A scholar, curator and critic, Geeta Kapur is recognised for her critical writing on modern and contemporary art in India, spanning books, artist monographs, exhibition catalogues and essays incorporating film and cultural theory. Previously one of the founder-editors of the Delhi-based Journal of Arts and Ideas (1983) and member of the advisory council for Third Text, Kapur is now on the advisory board of ArtMargins and serves as an advisory editor and trustee for The Marg Foundation. Much of Kapur’s interests in art history emerged through academic study while also being informed by her exposure to the works of artists and critics, in India and abroad.
After completing her bachelor’s degree in economics from the University of Delhi, she pursued a master’s degree in art from New York University. Here she was introduced to the culture of art criticism through her professors and the debates in her circles which included Clement Greenberg and Harold Rosenberg. While pursuing a master’s degree in art criticism from the Royal College of Art, London, she was inspired by the author-critic John Berger and steered by her academic mentor towards postcolonial theory and Marxism. She developed her academic identity and voice in the aftermath of the Emergency (1975–77) when she returned to Delhi and its informal intellectual spaces. Subsequently, through the initiation of the Journal of Art and Ideas, she confronted the prevailing critical and art historical discourse in India. She taught at the Department of Humanities and Social Sciences at the Indian Institute of Technology (IIT), Delhi, between 1967 and 1973. Since then she has held visiting fellowships in institutions such as, Clare Hall, University of Cambridge, Nehru Memorial Museum and Library, New Delhi and the Indian Institute of Advanced Study, Shimla.
Interested in marxist traditions in Indian art-historical discourse as well as dialogues around the avant-garde abroad, Kapur’s practice does not locate itself in a place, institution, trend and format, eschewing identification and affiliation. Her approach to art historiography rejects notions of belonging (genetic, civilisational and evolutionary), cultural heredity and master narratives in history-making — she envisions the past as dynamic rather than static. Kapur’s writing and scholarship deals primarily with challenges of negotiating colonial history, the tensions between the Western canon and non-Western Modernism, the postcolonial framework for the nation in India and South Asia, developing-world perspectives of internationalism and the influences of leftist praxis on the relationship between art theory and practice. Therefore, her work provides critical insights into the possibilities of contemporary art in the ever-evolving socioeconomic landscapes of the subcontinent. An important contribution towards this is her book When was Modernism: Essays on Contemporary Cultural Practice in India (2000). Some of her other pivotal works are Contemporary Art in Asia: Traditions, Tensions (1997); Cautionary Tales: Critical Curating (2007) and Critical Opinions in Art Practice (2009).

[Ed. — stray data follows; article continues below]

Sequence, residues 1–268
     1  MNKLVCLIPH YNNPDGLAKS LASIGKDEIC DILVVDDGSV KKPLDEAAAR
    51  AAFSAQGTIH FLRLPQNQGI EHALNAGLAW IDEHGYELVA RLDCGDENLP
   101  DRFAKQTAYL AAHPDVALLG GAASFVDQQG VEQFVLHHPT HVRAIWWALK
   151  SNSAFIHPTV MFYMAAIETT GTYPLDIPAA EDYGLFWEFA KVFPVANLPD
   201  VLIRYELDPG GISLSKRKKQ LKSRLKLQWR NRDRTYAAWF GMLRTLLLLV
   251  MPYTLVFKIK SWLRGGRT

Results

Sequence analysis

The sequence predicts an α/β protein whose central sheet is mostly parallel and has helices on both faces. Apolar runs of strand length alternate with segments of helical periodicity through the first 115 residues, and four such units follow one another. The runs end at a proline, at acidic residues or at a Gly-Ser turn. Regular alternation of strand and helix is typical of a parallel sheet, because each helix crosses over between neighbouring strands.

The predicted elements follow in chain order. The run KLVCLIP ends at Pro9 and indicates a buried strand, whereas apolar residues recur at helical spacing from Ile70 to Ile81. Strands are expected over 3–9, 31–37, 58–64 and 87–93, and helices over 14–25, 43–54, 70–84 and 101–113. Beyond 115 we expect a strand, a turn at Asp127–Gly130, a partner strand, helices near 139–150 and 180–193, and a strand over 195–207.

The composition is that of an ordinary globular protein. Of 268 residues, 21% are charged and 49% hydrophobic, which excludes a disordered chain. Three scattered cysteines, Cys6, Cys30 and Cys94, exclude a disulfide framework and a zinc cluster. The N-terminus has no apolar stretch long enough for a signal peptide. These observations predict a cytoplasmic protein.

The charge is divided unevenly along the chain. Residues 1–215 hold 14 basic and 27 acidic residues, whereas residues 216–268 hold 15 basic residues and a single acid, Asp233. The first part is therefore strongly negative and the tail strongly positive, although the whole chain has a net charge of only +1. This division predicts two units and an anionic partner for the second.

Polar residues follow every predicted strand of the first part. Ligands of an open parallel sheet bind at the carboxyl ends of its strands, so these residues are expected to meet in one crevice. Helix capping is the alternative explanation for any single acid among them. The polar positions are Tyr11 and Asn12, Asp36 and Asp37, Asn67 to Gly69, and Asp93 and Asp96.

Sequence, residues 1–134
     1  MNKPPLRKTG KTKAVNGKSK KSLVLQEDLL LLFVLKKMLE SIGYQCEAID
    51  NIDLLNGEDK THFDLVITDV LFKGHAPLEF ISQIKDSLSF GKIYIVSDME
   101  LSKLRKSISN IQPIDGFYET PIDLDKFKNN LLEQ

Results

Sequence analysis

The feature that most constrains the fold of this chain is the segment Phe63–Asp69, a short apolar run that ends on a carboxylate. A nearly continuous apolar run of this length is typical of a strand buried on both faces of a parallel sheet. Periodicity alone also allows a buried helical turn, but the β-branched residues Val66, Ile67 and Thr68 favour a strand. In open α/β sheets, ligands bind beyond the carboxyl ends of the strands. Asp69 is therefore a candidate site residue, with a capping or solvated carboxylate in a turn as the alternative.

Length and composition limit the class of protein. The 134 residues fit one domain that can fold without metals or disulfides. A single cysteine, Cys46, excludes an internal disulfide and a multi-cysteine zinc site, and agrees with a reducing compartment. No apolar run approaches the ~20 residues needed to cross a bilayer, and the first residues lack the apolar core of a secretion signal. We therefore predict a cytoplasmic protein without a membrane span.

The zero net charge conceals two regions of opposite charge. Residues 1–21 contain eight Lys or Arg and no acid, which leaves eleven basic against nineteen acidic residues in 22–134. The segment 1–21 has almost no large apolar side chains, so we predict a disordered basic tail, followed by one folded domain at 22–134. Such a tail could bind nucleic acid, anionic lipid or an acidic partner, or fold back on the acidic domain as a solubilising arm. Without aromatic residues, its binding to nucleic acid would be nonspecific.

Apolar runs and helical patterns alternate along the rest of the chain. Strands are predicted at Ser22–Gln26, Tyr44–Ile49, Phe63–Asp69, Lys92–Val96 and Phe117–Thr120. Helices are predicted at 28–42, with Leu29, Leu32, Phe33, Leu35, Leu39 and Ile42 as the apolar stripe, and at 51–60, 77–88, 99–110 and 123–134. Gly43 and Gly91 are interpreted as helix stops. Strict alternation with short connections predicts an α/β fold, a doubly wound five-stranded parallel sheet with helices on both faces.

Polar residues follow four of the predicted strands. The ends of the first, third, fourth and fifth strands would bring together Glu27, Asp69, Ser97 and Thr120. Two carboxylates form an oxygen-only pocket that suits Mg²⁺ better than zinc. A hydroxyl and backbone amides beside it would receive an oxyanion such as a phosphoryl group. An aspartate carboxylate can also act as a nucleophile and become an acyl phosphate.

In her capacity as a curator and art critic, Kapur has served as a jury member for the Venice Biennale, Italy (2005), the Dakar Biennale, Senegal (2006) and the Sharjah Biennale, UAE (2007). She has also served as a member of the Asian Arts Council at the Guggenheim Museum in New York (2007–09; 2014), and has been an advisory member at the Asia Art Archive (AAA), Hong Kong, since 2009. Her notable exhibitions include Pictorial Space (1977) at Rabindra Bhavan, New Delhi; Contemporary Indian Painting (with Richard Bartholomew and Akbar Padamsee, 1982) at the Royal Academy of Arts, London; Hundred Years: From the NGMA Collection in New Delhi (1994); ‘Dispossession’ in Africus (with Shireen Gandhy, 1995) at Johannesburg Biennale RSA; Century Art: Art and Culture in the Modern Metropolis (with Ashish Rajadhyaksha, 2001) at the Tate Modern, London ; subTerrain: Artworks in the Cityfold (2003) at Haus der Kulturen der Welt, Berlin; and Aesthetic Bind: Citizen Artist: Forms of Address (2013–14) at Chemould Prescott Road, Mumbai.
In 2009, Kapur was conferred the Padma Shri by the Government of India. Two years later, Kapur, along with her husband, the artist Vivan Sundaram, worked with AAA to digitise their entire collection of manuscripts, consisting of essays on modern and contemporary Indian art, catalogues and writings on significant exhibitions artworks, and exclusive documentation of the Kasauli Art Centre, Himachal Pradesh.
At the time of writing, Kapur lives and works in Delhi.
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